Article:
Zombies have always dominated the bottom of my list as credible monsters. They’re slow, stupid, and only threatening in large groups. But the past few years have helped me to reconsider their horrific effectiveness, especially with the zombie boom of a few years back, that still continues today (the highly watched finale of The Walking Dead‘s fourth season was just the other weekend). While zombies still have their problems, they have been an ever-looming presence in the horror drama for decades now. So that’s the thing, zombies themselves are terrible, but why are they so popular?
In the recent years, zombies have made great targets for action movies and games. Resident Evil (the movies and the games) have had mixed reviews, opinions, and are very different from each other — but they share two sure things: they are highly focused on zombie-slaying, and they’ve been popular enough to warrant many sequels.
Zombieland made the guilt-free killing of zombies into a carnival game — featuring takeouts via piano, banjo and actual carnival rides.
The Call of Duty series has made multiple iterations of its zombie mode side game, all featuring many different zombies to fight, and many different ways to destroy them (my personal favorite being the Thundergun).
If the guilt-free kill theory is the one that sticks, then it probably plays into Freud’s idea of the sex and aggression core. Zombies have become hugely popular because they are a means to loose that primal urge lash out with violence, particularly at other humanoids. And even if you, like me, believe there’s more to a person than sex and aggression, it is still hard to deny that we love blood sport. It has changed greatly since the time of gladiators and jousting knights, but we have our own contemporary blood sport: violent games and movies. Zombies really play into that because they are humans, that are human no longer — they’re out for blood themselves. Not only are you not harming another human, but you are also acting in self-defense.
Of course, that seems to easy of an answer, especially since zombies existed in film long before video games, and even before the other titles I’ve mentioned. While zombies can be traced back to voodoo myth, the ones we are more familiar with can be traced back to George Romero’s Night of the Living Dead. And while it does occur, Night of the Living Dead is not about killing zombies. In fact, George Romero seems largely opposed to the idea of wholesale violence against zombies. There are many instances in his “Living Dead” series that criticize the violence — the most overt occurring in Diary of the Dead where a destroyed zombie head cries blood tears at the audience.
Romero seems much more interested in using zombies metaphorically. Many shots of Night of the Living Dead bear a striking resemblance to photos of the civil rights movement, and also the Vietnam War. Both events would also be fresh in the mind of an aspiring 1960’s director, and undoubtedly had at least some influence on him. Plus the sequel, Dawn of the Dead was so heavy-laden with commentary on materialism that it set a precedent for many zombie movies to come.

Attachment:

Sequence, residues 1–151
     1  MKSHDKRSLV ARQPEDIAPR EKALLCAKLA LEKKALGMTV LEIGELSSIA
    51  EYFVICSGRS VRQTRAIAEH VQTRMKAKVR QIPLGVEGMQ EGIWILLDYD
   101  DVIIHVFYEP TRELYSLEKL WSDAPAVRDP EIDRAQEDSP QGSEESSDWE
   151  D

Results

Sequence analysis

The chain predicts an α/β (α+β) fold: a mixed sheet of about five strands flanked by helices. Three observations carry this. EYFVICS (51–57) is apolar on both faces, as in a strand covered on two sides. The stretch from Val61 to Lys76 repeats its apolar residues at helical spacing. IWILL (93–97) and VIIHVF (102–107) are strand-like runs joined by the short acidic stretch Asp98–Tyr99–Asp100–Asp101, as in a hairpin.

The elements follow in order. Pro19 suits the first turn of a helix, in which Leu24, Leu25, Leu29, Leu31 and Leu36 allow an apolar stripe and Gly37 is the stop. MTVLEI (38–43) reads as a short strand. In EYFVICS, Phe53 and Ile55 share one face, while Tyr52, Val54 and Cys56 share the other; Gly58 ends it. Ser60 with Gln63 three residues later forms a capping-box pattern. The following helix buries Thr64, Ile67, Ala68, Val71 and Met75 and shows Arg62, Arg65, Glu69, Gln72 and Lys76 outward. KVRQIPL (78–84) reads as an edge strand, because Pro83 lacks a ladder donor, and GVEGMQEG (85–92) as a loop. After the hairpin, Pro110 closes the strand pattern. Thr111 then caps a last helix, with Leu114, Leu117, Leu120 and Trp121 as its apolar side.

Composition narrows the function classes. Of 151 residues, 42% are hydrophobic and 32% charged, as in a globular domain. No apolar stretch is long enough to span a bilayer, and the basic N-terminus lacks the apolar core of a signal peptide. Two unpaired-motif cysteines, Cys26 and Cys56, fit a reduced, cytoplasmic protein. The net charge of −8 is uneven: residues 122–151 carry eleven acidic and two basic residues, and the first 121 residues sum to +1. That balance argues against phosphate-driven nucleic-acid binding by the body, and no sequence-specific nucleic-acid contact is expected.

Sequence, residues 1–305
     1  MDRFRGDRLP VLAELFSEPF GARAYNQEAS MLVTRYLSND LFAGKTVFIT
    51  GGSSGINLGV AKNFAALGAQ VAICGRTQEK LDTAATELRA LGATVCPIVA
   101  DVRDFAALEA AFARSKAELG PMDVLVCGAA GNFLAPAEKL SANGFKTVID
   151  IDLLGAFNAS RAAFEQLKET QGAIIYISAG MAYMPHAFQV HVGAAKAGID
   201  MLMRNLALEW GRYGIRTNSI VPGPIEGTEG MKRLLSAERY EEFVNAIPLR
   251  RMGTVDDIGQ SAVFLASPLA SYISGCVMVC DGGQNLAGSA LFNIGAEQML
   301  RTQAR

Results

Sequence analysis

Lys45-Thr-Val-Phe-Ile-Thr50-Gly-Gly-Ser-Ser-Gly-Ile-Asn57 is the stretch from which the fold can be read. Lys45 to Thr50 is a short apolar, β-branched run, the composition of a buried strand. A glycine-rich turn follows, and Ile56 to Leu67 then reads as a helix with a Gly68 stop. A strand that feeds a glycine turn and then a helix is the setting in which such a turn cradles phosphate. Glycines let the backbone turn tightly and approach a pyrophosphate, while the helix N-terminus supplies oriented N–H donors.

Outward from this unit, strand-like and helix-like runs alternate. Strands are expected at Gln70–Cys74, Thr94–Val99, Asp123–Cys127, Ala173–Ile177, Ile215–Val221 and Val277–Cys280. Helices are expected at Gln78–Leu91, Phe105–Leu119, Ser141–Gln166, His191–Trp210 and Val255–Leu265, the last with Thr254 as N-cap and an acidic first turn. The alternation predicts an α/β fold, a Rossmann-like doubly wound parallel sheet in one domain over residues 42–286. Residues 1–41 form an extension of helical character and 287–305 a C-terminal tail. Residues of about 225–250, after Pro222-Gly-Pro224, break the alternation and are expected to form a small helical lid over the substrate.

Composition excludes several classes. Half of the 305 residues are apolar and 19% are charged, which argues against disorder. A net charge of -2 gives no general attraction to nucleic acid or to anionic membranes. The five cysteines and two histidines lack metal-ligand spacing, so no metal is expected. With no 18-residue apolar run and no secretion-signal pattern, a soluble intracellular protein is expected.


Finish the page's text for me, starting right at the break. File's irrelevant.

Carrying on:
But maybe the true power of zombies is their versatility. You can have them attack a farmhouse, a mall, a theme-park, a sheriff and his kid, Will Smith, Japanese high schoolers, the Titanic, whatever, and it can work. There is a way to fit a zombie outbreak into almost any setting, and a way to make them play into almost any theme. Sucker Punch, a movie involving various game-like dreams has a section involving steam-powered zombies; they fit into a steampunk setting. Heroes of Might and Magic was planning to make a faction of cybernetic monsters, one of which was a zombie augmented with chainsaw-arms and other mechanics; they fit into a cyberpunk setting. Jane Austen too boring for you? Spice it up with zombies!
That’s why I think zombies have taken over many facets of our culture: they can fit into any setting. A zombie is a simple enough concept to work anywhere, unlike other high-concept monsters. Vampires come in at a close second to zombies for working across many platforms, but look at the criticism people have given Twilight. Ghosts might be third, but they bring in complicated questions because they are intangible and require some form of afterlife to exist. And then it is very easy to take things the other way and say, “Who would make a good zombie survival team?” So not only can zombies fit into any setting, but anyone can fight zombies.
Zombies fit into any setting so well, they’ve even come up in today’s political commentary.
I used to regard zombies as annoying and pointless, but after years of seeing all the places they’ve been taken, I’ve changed my mind quite a bit. I’ve come to realize they do hold a place in the world of entertainment. In fact, they hold many places, since they are so easy to drag and drop into any situation. Granted, stories are something we as humans make, thus it is never guaranteed to be good, but zombies can be fit into anything. One of my favorite story arcs in the manga Black Butler involves the main characters fighting zombies on the Titanic.
Oh God… we are facing a zombie apocalypse! Every genre has been infected — they have taken over the world!
Photos via: Google